"The disposition of battle being thus formed, small parties of riflemen were detached to skirmish with the enemy [Cowpens in Miniature 12], upon which their whole line moved on with the greatest impetuosity, shouting as they advanced. McDowall and Cunningham gave them a heavy and galling fire, and retreated to the regiments intended for their support [13]. The whole of Col. Pickens' command then kept up a fire by regiments, retreating agreeably to their orders [14]. When the enemy advanced on our line, they received a well-directed and incessant fire [15]. But their numbers being superior to ours, they gained our flanks, which obliged us to change our position [17]. We retired in good order about fifty paces, formed, and advanced on the enemy, and gave them a fortunate volley, which threw them into disorder [19]. Lieut. Col. Howard observing this, gave orders for the line to charge bayonets [20], which was done with such address that they fled with the utmost precipitation leaving their fieldpieces in our possession [21]. We pushed our advantage so effectually, that they never had an opportunity of rallying, had their intentions been ever so good [22].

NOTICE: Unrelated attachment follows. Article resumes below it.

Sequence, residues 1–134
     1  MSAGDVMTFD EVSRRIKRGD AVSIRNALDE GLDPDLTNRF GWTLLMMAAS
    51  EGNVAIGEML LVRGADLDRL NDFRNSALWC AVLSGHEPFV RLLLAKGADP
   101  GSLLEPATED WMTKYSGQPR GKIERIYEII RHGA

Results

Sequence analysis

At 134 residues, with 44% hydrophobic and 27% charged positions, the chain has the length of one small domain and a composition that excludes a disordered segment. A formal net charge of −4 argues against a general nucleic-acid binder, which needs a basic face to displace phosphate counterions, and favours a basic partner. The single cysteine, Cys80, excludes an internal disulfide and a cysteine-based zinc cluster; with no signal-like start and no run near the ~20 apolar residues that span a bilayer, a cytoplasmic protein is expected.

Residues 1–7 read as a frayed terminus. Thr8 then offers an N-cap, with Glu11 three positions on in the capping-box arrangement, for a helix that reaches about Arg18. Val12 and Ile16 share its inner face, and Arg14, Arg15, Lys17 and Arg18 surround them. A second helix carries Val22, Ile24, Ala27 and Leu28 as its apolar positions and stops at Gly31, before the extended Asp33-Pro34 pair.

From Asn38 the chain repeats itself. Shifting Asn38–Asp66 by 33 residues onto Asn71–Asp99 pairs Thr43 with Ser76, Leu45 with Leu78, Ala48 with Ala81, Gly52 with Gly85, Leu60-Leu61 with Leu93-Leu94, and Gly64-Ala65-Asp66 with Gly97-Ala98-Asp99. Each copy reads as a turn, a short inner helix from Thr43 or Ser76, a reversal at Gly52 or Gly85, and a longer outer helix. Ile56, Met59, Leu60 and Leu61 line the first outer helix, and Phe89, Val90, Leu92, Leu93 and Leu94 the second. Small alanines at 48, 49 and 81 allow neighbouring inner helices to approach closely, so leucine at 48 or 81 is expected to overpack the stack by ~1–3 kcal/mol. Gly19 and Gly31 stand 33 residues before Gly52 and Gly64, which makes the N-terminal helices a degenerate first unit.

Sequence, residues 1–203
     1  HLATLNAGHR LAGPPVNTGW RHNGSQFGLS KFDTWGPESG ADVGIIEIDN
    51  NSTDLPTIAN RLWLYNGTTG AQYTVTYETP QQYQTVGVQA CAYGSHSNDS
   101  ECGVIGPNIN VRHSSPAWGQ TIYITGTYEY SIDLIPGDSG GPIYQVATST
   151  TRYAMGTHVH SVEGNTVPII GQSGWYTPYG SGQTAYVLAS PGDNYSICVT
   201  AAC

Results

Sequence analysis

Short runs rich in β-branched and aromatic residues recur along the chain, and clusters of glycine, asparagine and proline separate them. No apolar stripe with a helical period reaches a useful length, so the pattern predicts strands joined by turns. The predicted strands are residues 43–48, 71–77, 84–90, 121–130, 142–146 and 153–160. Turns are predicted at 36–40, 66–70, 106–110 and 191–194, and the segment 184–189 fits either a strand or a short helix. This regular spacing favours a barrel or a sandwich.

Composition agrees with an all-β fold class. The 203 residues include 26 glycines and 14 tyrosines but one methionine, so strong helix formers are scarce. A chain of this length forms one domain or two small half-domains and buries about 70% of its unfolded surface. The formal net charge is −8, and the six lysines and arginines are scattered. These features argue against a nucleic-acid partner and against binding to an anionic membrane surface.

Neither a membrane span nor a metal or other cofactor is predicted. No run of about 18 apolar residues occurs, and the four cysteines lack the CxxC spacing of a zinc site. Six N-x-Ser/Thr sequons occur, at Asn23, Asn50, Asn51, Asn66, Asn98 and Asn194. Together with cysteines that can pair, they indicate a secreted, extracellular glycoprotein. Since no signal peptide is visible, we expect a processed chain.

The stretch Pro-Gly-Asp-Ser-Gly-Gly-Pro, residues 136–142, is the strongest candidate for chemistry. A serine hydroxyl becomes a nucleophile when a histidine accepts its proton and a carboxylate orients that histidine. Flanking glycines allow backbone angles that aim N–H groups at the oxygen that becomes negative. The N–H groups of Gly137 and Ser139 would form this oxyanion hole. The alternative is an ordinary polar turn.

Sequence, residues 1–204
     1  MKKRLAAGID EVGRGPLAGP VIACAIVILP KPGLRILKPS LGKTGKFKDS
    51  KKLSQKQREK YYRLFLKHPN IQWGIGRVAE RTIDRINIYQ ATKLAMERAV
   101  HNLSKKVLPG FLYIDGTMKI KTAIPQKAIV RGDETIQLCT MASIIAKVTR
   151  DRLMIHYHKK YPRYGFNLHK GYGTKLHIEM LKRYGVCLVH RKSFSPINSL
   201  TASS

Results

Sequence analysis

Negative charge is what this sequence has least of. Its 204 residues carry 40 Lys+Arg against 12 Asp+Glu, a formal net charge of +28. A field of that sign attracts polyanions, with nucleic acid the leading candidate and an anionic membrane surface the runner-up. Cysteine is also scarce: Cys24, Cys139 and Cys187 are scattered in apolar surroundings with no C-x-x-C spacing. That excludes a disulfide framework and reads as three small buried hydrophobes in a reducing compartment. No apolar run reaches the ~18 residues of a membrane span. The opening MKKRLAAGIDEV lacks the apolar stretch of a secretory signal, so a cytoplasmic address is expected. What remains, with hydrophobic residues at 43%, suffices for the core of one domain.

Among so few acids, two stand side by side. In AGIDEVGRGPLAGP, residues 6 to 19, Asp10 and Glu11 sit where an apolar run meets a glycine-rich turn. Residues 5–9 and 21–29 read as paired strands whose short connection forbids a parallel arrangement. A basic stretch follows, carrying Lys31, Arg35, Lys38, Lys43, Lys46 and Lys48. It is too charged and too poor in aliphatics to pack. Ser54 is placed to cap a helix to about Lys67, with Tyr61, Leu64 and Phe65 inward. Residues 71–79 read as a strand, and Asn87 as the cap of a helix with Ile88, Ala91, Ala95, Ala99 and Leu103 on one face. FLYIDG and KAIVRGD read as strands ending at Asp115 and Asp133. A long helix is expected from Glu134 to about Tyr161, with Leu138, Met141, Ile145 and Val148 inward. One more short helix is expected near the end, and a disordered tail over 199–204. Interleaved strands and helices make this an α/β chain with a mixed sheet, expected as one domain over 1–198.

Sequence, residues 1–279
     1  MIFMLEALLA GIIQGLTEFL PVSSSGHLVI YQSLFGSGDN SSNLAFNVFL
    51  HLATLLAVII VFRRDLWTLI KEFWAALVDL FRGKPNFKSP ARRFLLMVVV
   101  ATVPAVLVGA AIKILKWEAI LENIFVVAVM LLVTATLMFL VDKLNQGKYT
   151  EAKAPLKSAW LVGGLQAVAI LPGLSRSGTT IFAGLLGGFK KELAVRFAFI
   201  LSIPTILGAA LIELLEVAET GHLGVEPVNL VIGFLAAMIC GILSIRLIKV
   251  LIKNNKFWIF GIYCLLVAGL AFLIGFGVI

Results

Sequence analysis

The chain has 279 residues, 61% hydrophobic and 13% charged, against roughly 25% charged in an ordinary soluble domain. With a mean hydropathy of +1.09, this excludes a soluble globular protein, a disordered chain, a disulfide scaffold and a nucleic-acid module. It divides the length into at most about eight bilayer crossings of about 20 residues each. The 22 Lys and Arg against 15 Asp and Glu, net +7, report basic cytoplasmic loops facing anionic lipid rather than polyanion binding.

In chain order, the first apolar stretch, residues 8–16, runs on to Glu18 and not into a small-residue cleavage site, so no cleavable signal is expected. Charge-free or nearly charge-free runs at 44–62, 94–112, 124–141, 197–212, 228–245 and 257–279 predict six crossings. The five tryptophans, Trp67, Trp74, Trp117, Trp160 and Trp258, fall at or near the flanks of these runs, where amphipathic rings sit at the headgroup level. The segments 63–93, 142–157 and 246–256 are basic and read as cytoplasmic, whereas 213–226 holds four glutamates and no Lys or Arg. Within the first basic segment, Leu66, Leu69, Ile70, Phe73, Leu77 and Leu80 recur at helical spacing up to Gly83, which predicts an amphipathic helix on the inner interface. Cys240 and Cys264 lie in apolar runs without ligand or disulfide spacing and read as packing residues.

"Lieut. Col. Washington, having been informed that Tarleton was cutting down our riflemen on the left [Cowpens in Miniature 18, 19], pushed forward, and charged them with such firmness [20, 21], that instead of attempting to recover the fate of the day, which one would have expected from an officer of his splendid character, broke and fled [22].

"The enemy's whole force were now bent solely in providing for their safety in flight [Cowpens in Miniature 22] -the list of their killed, wounded, and prisoners, will inform you with what effect [23, 25]. Tarleton, with the small remains of his cavalry, and a few scattered infantry he had mounted on his wagonhorses, made their escape. He was pursued twenty-four miles, but owing to our having taken a wrong trail at first, we could never overtake him [25].

By my count, there are three notable discrepancies between Morgan’s account and mine.

First, I did not place Hayes’ regiment in the position Morgan indicated, because I deferred to Robert Long’s description of his position. Instead, I indicated that Andrew Pickens’ regiment of South Carolina militia (not mentioned by Morgan) was in this area [see Cowpens in Miniature 8, The Militia Line: Composition and Organization, The Statements of Private Robert Long].